Authors share thoughts on self-publishing

Self-publishing gets your book out there much faster

So you’ve put the final full stop on the last sentence of your first novel. What a mammoth task that was. Now you are ready to get that masterpiece published so that your reading market can experience your well-crafted creativity.

Two questions confront you: “Should I self publish or go the traditional publishing route?”

As with all things there are pros and cons in each case.


“It’s up to you to get your book into bookstores and onto shelves,” says Tanya Haffern, author of Escaping Corporate Bondage. “You have to make the choice between control vs exposure.” “However, there is the risk of putting out a low quality product and it’s up to you to make sure this does not happen.

With self -publishing you have control over the look and feel of the book and once its printed, distribution is in your hands.

With traditional publishing, marketing and distribution is done for you. Self-publishing also gives you the satisfaction of seeing your book in published form. “The cover design is critical for the book’s success,” Haffern insists.

Some assistance

“I use a reputable company who assist with everything other than writing, editing and proofreading,” says awarding winning author Raashida Kahn. “This includes, design, layout, printing, getting an ISBN number, creating the e-book and uploading it to Amazon.” They are also responsible for the design of any invitations and marketing posters for social media, etc. “Once the story is written, editing with a professional editor begins, as many as five versions, each time with a detailed brief  that both parties agree to,” says Kahn.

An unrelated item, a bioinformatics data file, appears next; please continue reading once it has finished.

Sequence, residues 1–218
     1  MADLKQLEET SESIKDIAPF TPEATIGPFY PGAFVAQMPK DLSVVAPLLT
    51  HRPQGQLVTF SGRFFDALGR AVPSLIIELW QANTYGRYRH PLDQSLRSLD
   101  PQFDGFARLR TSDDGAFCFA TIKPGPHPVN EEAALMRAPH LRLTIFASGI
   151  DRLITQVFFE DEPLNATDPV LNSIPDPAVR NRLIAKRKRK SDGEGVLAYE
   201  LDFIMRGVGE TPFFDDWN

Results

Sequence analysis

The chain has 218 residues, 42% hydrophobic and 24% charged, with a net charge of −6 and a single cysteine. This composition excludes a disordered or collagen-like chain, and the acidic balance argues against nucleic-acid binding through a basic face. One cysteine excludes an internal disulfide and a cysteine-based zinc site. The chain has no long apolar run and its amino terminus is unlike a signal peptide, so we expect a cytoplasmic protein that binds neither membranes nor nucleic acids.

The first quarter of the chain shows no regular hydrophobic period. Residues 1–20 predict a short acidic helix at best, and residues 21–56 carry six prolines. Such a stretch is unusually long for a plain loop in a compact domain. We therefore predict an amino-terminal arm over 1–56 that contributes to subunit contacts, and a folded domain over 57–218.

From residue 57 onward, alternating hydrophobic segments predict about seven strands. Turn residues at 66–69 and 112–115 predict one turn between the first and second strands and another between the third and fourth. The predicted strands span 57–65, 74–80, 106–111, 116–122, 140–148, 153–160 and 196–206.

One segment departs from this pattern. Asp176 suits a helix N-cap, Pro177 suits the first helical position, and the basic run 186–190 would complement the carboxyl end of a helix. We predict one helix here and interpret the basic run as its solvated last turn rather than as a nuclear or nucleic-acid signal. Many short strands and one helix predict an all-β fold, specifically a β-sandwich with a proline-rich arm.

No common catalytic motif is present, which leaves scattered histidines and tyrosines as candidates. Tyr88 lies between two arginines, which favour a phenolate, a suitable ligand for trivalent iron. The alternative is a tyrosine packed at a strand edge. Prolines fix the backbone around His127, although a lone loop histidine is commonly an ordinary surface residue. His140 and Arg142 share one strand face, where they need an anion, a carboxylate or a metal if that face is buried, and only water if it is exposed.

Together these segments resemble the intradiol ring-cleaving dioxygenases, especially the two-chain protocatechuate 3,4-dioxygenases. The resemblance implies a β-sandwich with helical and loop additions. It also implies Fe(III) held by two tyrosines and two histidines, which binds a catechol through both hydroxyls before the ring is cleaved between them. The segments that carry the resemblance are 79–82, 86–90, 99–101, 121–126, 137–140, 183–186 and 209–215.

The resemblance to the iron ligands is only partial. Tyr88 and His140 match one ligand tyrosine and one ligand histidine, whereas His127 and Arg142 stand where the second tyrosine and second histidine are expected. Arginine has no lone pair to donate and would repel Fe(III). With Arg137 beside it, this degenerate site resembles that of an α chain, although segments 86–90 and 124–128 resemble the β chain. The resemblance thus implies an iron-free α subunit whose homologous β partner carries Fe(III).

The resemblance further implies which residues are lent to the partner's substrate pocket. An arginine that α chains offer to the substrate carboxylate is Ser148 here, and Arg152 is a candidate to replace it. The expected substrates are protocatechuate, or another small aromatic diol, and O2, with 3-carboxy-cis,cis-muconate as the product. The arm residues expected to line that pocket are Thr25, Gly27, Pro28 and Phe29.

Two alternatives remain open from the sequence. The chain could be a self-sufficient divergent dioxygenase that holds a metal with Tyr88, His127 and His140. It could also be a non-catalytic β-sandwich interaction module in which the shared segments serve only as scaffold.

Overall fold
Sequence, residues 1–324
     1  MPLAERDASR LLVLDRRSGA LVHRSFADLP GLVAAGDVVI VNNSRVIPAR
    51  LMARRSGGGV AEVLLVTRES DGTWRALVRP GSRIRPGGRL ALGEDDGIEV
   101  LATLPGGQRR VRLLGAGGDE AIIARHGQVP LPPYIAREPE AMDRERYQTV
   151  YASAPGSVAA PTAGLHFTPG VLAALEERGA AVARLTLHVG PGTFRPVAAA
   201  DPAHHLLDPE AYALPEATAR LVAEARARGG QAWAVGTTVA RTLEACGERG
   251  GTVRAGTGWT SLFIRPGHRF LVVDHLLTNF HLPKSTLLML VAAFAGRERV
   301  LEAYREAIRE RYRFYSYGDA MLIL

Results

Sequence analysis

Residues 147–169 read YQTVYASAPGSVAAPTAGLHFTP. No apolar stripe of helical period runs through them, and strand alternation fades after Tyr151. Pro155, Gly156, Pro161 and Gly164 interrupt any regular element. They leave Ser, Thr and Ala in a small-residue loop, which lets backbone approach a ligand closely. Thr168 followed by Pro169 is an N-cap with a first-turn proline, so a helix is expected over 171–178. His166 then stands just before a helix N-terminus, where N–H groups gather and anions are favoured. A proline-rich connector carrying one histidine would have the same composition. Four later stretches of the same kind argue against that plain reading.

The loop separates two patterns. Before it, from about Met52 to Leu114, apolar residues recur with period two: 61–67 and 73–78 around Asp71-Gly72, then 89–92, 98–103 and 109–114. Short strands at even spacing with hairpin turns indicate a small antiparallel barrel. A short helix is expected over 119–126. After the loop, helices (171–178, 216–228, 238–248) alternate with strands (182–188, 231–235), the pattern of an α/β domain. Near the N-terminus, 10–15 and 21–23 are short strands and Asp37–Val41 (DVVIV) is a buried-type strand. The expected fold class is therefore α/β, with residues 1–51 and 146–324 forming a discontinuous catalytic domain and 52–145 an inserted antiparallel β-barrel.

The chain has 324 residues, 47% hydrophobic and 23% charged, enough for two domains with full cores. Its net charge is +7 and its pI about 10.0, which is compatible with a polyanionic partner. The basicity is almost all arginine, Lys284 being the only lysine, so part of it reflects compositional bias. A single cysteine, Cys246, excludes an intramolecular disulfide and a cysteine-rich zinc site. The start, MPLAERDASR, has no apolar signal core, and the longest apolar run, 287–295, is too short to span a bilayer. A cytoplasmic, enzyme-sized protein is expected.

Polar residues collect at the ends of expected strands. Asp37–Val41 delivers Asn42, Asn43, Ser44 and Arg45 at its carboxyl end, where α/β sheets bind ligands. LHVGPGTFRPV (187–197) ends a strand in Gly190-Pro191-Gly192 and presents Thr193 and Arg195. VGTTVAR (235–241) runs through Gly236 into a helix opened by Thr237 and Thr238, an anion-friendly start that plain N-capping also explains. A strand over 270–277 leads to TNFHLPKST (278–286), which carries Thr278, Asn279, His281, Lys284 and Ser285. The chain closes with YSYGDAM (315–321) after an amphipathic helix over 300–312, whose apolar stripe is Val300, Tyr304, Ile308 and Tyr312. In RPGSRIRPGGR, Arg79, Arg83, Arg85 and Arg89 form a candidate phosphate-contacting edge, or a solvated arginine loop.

Author networks

“Then the really tough work begins marketing and promotion on social media and as many other channels as you can reach. Networking with other indie author networks is very important, “Kahn adds.

Kahn says, 10 copies (Author Review Copies ) should be handed to reputable people such as journalists, book club members and book enthusiasts to read the book and share reviews. “Try promote and market to book fairs and events as well, but this is very difficult as traditional publishers are often able to push their titles.” Some book events/fairs target indies (independent authors). Kahn says, “Even then, it helps if you have a distributor who is known and has some contacts.”


“You’ve got to calculate the costs of the editing, layout and printing. You also need an ISBN number if you want your book on shelves,” Haffern says.  (ISBN available through

“Understanding why you are writing the book and who you want to get it may help deciding on the route to take,” she adds.

“It’s very hard to get an offer to traditionally publish, but if you can get an offer, and an advance of $500k or more, you should (almost certainly) take the deal,” says Tucker Max, cofounder of Scribe ( and four-time New York Times bestselling author.

Reputational success

These are mainly the types of people who can get those deals: various categories of celebrities, including high-profile athletes, A-list actors, politicians or CEOs of major companies, Max says. And of course professional writers who already have lists of published works behind their names.

For the rest of us, who may be consultants, entrepreneurs, lawyers and coaches, self-publishing  is the answer.

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